Söyüngül Chanisheff, an ethnic Tatar who grew up in northwest China’s Xinjiang Uyghur Autonomous Region (XUAR), has been overcome by memories of her early life ever since early 2017, when authorities in the region launched a campaign of extralegal incarceration that has since seen up to 1.8 million Uyghurs and other Muslim minorities held in a vast network of internment camps. While it was all of Chinese society that had been plunged into chaos in the years in her memories, however, Turkic-language speaking and Muslim peoples are now the object of state repression.
During the political instability of the 1966-76 Cultural Revolution, Chanisheff, then a new college student, participated in the founding of the East Turkestan People’s Party—a group of Uyghur elites who sought to establish an independent Uyghur state in the Xinjiang region. After authorities discovered the existence of the group, she and its other members were sent to prison.
Chanisheff was forced to spend years in a dark cell and under heavy surveillance. In prison interrogations, the police threatened and attempted to force her to give up on what they called the “daydream of independence” and to “repent from the party,” but she never turned back on her dreams. Some six decades later, Chanisheff, now 79 and living in Australia, has documented her experiences in her memoir ‘The Land Drenched in Tears,’ which was recently translated into English. The book includes shocking descriptions of the hunger, nonstop beatings, psychological stress, and death she witnessed while incarcerated. She recently spoke with RFA’s Uyghur Service about how the faith which had been inculcated in her as part of her family life from an early age was a great spiritual support and nourishment during those dark days.
After my arrest, I made it a goal to write this book because independence was what I longed for in this life. I dreamt of freedom. So, I wrote this book as another message for freedom, for independence, because I wanted to work hard to tell the world. Even while in prison, I thought and thought about it, and I went about putting the book together in my head. Ultimately, in 1968 I was able to write a few things down. I couldn’t have done it in prison. If they’d seen me writing, they would have beaten and killed me. It was very difficult coming abroad … My family went through so many difficult things. I had to work and didn’t have time to write, so later, after 2000, I started. I wrote. I wrote about things that had happened in my life, and I wrote them as they happened, you could say.
[Chinese authorities] started doing [imprisoning people in the region] in the 1960s. Young people don’t know about this. To put it shortly, they don’t know Xinjiang history, the youths, so they cannot understand this. There is no record of, no accounting for, the people the Chinese have murdered since they came to the region. They called anyone with even a small parcel of land an “exploiter” … They gave the death penalty to many people; I can’t even remember them all. They were always talking about “study,” taking people in, executing people. They did so many things. And how very docile were our people at the time. They didn’t understand. We were unable to mobilize any of them.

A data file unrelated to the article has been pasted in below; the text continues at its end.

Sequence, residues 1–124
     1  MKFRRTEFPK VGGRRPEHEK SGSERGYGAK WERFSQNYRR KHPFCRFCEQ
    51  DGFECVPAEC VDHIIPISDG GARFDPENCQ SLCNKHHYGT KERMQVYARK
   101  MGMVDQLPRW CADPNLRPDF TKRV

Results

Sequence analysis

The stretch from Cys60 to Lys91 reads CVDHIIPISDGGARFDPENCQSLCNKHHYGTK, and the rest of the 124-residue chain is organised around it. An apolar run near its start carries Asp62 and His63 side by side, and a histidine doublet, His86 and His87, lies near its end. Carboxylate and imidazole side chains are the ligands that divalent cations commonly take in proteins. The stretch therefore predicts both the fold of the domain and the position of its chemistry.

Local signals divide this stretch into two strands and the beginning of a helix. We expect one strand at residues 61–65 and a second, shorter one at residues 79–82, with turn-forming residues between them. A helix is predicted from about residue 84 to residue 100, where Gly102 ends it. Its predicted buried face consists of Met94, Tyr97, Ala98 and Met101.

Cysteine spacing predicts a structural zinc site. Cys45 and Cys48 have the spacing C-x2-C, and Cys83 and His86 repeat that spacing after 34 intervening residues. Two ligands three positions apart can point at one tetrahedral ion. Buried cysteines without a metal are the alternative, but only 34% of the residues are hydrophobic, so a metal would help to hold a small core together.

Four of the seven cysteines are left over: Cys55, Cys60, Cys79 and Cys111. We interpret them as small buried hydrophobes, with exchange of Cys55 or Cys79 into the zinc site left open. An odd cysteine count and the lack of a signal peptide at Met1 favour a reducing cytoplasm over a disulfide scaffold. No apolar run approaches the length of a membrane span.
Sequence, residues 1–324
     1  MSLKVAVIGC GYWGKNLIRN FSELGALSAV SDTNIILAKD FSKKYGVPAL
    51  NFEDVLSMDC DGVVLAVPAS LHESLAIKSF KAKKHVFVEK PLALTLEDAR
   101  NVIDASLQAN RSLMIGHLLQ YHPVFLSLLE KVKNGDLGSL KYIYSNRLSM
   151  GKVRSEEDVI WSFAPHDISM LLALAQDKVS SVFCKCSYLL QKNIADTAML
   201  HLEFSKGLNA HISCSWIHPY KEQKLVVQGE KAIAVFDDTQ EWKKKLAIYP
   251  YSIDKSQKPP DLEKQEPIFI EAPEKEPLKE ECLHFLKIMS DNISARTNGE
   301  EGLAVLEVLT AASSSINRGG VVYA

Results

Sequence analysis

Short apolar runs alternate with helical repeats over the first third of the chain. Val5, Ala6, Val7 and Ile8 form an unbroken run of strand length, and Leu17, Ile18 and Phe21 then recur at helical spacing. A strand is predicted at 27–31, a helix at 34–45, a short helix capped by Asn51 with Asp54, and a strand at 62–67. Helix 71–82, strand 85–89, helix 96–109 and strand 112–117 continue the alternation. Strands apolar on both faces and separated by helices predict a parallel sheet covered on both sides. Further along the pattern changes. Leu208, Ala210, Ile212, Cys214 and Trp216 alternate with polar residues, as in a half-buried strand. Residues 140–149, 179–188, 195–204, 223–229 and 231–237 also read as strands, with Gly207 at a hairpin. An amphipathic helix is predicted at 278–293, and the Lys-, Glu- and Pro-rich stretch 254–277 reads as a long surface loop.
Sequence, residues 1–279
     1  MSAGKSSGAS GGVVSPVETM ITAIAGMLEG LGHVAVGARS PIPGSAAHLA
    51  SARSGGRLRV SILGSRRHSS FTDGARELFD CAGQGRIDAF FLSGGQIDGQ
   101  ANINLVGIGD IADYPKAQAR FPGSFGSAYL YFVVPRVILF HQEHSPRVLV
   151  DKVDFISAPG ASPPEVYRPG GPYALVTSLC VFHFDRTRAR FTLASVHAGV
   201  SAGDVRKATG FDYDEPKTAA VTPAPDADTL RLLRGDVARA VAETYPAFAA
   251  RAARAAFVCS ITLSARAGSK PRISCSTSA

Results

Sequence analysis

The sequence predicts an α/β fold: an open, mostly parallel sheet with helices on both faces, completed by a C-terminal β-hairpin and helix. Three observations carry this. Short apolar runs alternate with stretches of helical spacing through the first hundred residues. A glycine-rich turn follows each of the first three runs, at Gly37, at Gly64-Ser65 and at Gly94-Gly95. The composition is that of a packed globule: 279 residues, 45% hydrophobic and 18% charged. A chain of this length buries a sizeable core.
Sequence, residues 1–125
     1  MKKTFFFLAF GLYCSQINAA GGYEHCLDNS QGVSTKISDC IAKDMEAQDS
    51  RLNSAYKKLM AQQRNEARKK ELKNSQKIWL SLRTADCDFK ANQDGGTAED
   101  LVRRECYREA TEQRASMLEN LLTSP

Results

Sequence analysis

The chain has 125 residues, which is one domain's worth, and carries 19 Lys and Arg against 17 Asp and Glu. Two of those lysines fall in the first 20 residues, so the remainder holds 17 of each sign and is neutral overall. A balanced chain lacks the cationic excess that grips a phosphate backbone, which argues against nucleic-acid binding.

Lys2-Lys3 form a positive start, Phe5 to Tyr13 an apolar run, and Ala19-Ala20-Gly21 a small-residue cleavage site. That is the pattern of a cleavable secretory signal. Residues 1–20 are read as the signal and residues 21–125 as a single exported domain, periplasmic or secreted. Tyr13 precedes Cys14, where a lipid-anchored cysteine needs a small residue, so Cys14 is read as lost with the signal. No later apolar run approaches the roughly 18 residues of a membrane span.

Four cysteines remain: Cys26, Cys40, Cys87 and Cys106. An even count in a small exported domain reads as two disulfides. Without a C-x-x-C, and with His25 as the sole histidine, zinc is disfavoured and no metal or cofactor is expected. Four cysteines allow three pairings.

Forming a party
In one of our books from the fourth grade, the first part of it was a story and the second part was a short history of Xinjiang. In the fourth grade they taught us history like the one my father spoke about. We had been independent. After reading this, I realized the necessity of independence. Why were we just standing around? Later, I told the other kids at school about this. They were scared at first. We didn’t have any weapons. We had nothing. We wanted to tell the youths about this, to tell the people about it, to wake the people up, and that’s why we formed our group.
There were people who were so ignorant, you see. They’d followed sheep around in the mountains, they’d never studied, they didn’t even know the 50 kilometers between Urumqi and Nanshan. The Chinese took advantage of them because they were so ignorant … I wasn’t like that. I thought to myself, if I were to have gone there and felt lonely, and sat around afraid, saying “woe is me,” the organization we built would have had no meaning. It would have been disrespectful of our organization. Our intentions would have turned out to be wrong. And so there, in the prison, I didn’t ever think that I’d done anything wrong. My father asked me through tears how I could stand it in the prison. I told him it was nothing for me. I was young. That’s how I felt. Even when I was beaten, I didn’t say anything. They [were surprised] that I didn’t even say a single world when they hit me, I just took it. That’s how I was. We didn’t have permission to talk. What I felt inside was respect for our ideals, our organization, our goals. I didn’t want to disrespect those things.
Through an ordeal
Anyone who goes against Allah will not survive. He brought us to this world. We have Allah, who created us. Allah gives us all the things that we ask of him. We don’t even have to ask him, but if we ask, he gives. When I was going through such a difficult time, I was always asking Allah, my creator, for help. Whenever I wondered how I was going to get through something, Allah would show me the way.
I don’t feel sorry for myself. I’m alive. We only have one life in this world; we won’t come to this world a second time. Everyone leaves. They come, and then they leave. But I think to myself that I have lived with intent and purpose. For that reason, I’m happy. I can put it that way. I’ve lived part of life like an animal, merely eating and drinking to survive, and then I was able to start a new part of life … My youth passed me by. Still, despite all this, I lived my life as I’d said I would, keeping my eye on resistance one step at a time. I have no regrets.
Reported by Qurban Niyaz. Translated by the Uyghur Service.Print